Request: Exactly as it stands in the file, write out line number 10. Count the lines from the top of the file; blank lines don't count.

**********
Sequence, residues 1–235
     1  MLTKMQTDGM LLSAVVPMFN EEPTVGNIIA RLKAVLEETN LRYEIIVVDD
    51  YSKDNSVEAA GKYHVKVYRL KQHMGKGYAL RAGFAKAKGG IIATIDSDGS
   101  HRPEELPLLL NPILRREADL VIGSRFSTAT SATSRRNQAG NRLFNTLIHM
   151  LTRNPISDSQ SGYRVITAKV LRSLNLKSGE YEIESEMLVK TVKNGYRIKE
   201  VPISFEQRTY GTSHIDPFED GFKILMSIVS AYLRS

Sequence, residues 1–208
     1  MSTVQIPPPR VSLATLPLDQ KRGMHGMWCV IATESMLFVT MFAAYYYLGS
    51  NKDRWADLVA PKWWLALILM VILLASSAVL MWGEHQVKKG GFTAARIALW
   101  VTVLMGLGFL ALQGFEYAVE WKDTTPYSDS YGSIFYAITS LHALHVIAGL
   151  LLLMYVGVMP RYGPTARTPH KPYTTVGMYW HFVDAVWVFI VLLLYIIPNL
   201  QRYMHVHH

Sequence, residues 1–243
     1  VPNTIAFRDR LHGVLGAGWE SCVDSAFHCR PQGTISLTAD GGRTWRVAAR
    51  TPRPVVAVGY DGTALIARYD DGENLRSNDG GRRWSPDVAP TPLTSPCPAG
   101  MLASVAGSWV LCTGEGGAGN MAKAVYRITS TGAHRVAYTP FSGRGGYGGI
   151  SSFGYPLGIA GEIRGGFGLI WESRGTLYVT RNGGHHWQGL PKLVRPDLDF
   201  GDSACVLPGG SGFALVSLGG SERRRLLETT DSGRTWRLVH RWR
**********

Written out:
   101  VTVLMGLGFL ALQGFEYAVE WKDTTPYSDS YGSIFYAITS LHALHVIAGL